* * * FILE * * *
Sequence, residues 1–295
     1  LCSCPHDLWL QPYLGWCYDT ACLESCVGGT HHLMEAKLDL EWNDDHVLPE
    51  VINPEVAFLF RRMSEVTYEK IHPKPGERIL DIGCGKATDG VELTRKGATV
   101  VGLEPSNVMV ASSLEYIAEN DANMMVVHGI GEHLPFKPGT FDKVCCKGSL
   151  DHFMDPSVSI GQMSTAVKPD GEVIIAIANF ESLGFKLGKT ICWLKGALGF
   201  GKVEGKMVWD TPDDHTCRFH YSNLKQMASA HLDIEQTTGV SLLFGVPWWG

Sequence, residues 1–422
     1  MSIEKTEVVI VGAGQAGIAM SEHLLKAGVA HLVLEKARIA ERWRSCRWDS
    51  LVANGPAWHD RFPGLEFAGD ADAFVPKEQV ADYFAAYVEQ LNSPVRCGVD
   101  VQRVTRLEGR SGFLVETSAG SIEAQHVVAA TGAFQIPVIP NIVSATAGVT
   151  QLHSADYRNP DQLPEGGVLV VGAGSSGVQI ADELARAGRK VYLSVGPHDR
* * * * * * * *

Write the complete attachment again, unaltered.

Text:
Sequence, residues 1–295
     1  LCSCPHDLWL QPYLGWCYDT ACLESCVGGT HHLMEAKLDL EWNDDHVLPE
    51  VINPEVAFLF RRMSEVTYEK IHPKPGERIL DIGCGKATDG VELTRKGATV
   101  VGLEPSNVMV ASSLEYIAEN DANMMVVHGI GEHLPFKPGT FDKVCCKGSL
   151  DHFMDPSVSI GQMSTAVKPD GEVIIAIANF ESLGFKLGKT ICWLKGALGF
   201  GKVEGKMVWD TPDDHTCRFH YSNLKQMASA HLDIEQTTGV SLLFGVPWWG

Sequence, residues 1–422
     1  MSIEKTEVVI VGAGQAGIAM SEHLLKAGVA HLVLEKARIA ERWRSCRWDS
    51  LVANGPAWHD RFPGLEFAGD ADAFVPKEQV ADYFAAYVEQ LNSPVRCGVD
   101  VQRVTRLEGR SGFLVETSAG SIEAQHVVAA TGAFQIPVIP NIVSATAGVT
   151  QLHSADYRNP DQLPEGGVLV VGAGSSGVQI ADELARAGRK VYLSVGPHDR